Ma Cuisine has also started offering a weekday all-you-can-eat salad bar featuring chicken, roast beef and salmon, alongside a wide range of greens, pickles and dressings, in response to demand from the increasing number of owners of art galleries in the area, and people who opt for healthier food.

If we had to pick a country which turns their boxed meals into an art form, it would be Japan, where bento box means tasty, balanced food beautifully presented.

Bento chain Hana-musubi, deepfried pork cutlet specialist Tonbe, and Sushi-land opened earlier this month on Causeway Bay’s Haven Street offering tasty, affordable bento boxes. JP Deli in Sheung Wan, however, is where the flavours are closest to the Japanese originals.

Started more than three years ago by Tomoko Akashi, JP Deli is a small shop with a few seats, and concentrates on takeaways and deliveries. “In Japan we have so many bento shops, but I didn’t see many in Hong Kong. So I thought working in Admiralty and many people [don’t have access to] good lunch places – there’s always a long queue and the prices are very high. It’s so difficult to book a restaurant,” says Akashi.

The small shop can sell more than 200 bentos in a day.

The star of the bento is the rice. Only Hitomebore rice from Japan is used. It is sweeter and stickier than Thai or Chinese rice.

The selftaught cook is proud of her home-made goodies – everything from the sauces to beef croquettes, ketchup-heavy rice omelettes, and the popular sakemarinated deep-fried chicken is made from scratch. The extensive menu also features a selection of donburi, curry rice or udon, and salads. Everything is simple, yet delicious.

K-Roll, also in Sheung Wan, is another that appeals with hearty home-made dishes. Founded in December by three mothers, coowner Grace Hwang Hea-un says people call it the “mummies’ shop”.

Hwang was inspired to open the shop when the kimbap (Korean rice rolls) she made for her seven-yearold daughter’s luncheswere so popular among her classmates that the box always came home empty.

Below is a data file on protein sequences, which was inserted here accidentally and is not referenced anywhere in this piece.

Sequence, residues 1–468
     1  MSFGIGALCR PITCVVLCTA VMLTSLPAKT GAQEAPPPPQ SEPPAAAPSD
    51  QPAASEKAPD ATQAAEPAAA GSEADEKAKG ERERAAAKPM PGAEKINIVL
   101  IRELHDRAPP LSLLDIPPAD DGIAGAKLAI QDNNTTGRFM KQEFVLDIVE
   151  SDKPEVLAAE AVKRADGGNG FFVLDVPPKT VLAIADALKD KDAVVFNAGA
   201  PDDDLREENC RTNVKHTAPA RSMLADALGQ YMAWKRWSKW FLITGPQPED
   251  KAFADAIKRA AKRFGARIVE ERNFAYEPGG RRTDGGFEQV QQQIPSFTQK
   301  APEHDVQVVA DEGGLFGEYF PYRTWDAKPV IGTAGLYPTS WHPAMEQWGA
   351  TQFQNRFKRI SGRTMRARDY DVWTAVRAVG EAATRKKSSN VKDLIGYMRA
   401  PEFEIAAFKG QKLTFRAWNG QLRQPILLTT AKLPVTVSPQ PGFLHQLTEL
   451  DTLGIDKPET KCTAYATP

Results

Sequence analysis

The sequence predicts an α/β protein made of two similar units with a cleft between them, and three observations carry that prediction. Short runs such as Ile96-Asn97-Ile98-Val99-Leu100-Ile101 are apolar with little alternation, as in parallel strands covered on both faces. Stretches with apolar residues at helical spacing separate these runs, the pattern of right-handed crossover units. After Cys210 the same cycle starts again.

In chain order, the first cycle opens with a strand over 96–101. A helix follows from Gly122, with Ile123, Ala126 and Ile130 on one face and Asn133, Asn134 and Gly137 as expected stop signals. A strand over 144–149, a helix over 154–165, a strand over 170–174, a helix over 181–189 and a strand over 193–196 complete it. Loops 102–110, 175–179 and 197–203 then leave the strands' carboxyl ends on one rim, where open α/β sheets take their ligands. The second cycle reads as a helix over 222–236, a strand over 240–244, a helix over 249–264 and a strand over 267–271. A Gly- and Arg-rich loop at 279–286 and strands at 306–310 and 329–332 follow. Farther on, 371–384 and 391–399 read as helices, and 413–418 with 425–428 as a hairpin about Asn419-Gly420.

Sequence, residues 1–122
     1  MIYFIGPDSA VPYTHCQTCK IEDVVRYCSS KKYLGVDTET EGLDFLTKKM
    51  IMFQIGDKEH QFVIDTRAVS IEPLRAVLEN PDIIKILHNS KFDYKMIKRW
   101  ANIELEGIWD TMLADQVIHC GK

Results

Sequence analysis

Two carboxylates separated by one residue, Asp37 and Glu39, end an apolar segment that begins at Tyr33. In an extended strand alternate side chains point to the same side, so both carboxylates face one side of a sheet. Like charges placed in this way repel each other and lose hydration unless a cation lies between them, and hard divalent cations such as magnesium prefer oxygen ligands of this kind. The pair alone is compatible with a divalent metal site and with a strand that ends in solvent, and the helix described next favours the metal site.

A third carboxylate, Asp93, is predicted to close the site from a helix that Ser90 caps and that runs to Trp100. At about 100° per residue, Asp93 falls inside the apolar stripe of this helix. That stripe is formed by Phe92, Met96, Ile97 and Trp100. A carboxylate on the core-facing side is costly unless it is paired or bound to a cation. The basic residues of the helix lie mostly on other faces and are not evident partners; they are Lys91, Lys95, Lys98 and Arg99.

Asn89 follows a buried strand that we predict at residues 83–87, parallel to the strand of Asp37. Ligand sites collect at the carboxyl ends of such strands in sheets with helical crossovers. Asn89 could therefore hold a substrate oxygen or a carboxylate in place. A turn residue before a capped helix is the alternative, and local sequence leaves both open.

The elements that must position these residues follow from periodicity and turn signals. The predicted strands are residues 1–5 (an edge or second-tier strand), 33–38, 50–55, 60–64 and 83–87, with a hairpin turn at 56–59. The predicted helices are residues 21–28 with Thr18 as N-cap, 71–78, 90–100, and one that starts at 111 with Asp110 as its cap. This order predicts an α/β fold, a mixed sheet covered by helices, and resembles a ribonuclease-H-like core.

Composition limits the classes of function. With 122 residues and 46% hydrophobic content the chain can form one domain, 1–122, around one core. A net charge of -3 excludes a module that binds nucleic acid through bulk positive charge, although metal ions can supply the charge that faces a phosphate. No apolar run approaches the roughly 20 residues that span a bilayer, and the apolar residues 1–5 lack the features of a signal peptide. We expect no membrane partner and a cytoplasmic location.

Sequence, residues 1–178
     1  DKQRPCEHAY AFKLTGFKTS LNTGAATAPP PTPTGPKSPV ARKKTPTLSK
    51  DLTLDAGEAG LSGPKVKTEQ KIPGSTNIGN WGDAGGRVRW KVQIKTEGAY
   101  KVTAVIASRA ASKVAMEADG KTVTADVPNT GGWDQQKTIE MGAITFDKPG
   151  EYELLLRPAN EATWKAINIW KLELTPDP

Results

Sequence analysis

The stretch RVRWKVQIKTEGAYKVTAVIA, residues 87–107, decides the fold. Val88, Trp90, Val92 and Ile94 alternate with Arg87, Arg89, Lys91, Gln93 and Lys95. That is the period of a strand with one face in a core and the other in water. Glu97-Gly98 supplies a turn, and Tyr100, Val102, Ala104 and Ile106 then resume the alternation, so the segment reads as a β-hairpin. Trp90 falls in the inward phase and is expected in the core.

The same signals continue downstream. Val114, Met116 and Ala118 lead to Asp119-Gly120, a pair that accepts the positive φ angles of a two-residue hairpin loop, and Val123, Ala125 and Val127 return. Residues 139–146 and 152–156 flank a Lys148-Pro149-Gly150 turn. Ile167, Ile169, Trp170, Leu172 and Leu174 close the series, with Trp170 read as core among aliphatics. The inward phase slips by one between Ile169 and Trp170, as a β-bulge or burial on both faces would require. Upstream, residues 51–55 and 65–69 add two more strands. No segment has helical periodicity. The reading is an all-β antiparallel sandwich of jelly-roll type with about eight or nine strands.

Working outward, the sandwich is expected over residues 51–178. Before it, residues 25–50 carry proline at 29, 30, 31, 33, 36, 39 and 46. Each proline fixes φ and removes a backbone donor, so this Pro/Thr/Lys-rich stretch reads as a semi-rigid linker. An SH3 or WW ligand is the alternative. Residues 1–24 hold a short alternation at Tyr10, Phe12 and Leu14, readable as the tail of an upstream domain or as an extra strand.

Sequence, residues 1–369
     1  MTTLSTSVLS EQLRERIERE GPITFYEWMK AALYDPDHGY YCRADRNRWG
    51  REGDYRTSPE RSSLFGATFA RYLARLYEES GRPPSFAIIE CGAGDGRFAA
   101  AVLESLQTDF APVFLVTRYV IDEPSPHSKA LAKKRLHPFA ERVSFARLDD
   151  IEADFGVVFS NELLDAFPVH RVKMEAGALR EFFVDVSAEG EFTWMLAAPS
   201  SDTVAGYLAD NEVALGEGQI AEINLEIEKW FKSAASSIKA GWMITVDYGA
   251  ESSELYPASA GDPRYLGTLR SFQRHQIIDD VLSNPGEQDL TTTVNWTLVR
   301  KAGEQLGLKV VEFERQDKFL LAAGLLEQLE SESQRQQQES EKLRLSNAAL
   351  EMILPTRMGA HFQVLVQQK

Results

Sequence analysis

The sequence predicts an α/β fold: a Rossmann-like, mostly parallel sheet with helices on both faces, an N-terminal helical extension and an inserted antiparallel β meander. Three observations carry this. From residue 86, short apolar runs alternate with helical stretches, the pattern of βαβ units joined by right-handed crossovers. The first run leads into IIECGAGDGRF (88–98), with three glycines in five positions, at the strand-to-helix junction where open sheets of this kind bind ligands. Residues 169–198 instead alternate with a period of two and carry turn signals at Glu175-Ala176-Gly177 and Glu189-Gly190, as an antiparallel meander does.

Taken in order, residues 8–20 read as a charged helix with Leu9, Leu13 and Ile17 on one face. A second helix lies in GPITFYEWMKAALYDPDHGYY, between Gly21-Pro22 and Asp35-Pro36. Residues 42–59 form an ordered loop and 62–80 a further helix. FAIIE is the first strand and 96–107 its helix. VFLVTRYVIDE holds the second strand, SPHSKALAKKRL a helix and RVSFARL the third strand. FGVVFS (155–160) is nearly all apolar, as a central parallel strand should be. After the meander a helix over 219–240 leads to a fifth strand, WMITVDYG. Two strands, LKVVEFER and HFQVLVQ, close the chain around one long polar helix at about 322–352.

“It’s home-style cooking. It’s kind of like a Korean Subway. We make everything here and everything’s done fresh. It’s healthy,” says Hwang.

“Our big selling point, I think, is the oil.

We use omega-9 sunflower oil. It’s 10 times more expensive than other oils but much healthier – zero trans-fat, very low saturated fat. It’s the same oil that the Four Seasons uses.”

Hwang says her shop has been well received as the food is great for busy, health-conscious people. Options like dukbokki (spicy rice cake), bibimbap and japchae (seafood noodles) are loved by Koreans and non-Koreans alike.

K-Roll sells K-box – a boxed meal which comes with rice, kimchi, stir-fried noodles and a choice of spicy pork, sautéed marinated beef (bulgogi) and grilled beef ribs (kalbi), as well as K-rolls (rice roll with bulgogi, tuna or crab salad), and KKorritos.

Hwang, raised in California, created the Korrito – short for Koreanburrito – which uses seaweed instead of a tortilla. It contains rice, salads and a choice of shrimp with avocado and a mayo dressing, or chicken with honey Dijon dressing. There are tofu fillings too.

Bentopia in Admiralty is the place to go for a taste of Taiwan. Owner Danny Chan Ka-chuen says it may not be the most authentic or healthy option one can find, but the former banker and his wife’s take on Taiwanese food is an inexpensive and easy option.

Taiwanese food is their speciality, although half of the menu is taken up by Japanese dishes. The menu is very flexible, with a wide range of main dishes, side dishes and snacks to choose from for a customised box. A highlight is Taiwanese stewed-pork bento, which uses cubed pork belly, rather than the more common minced pork, for richer taste and texture.

Chan says he would love to open a new place, however he finds it difficult to hire staff. But both Food Expression and K-Roll have high hopes about their business and are opening new shops soon.

“We’ve received requests to open in Wong Chuk Hang and Kwun Tong. Some costumers who have moved from Central to Kwun Tong told me it is so hard to find quality lunch boxes,” says Lam of Food Expression, who will also be launching a range of handy cook-it-yourself kits for people to prepare a quick dinner at home.

“The market is actually very big, with Kowloon Bay, Kwai Chung and so on, on the list. Knowing the story behind our effort, people are willing to pay a little more. Even if it’s a boxed meal, you deserve better.”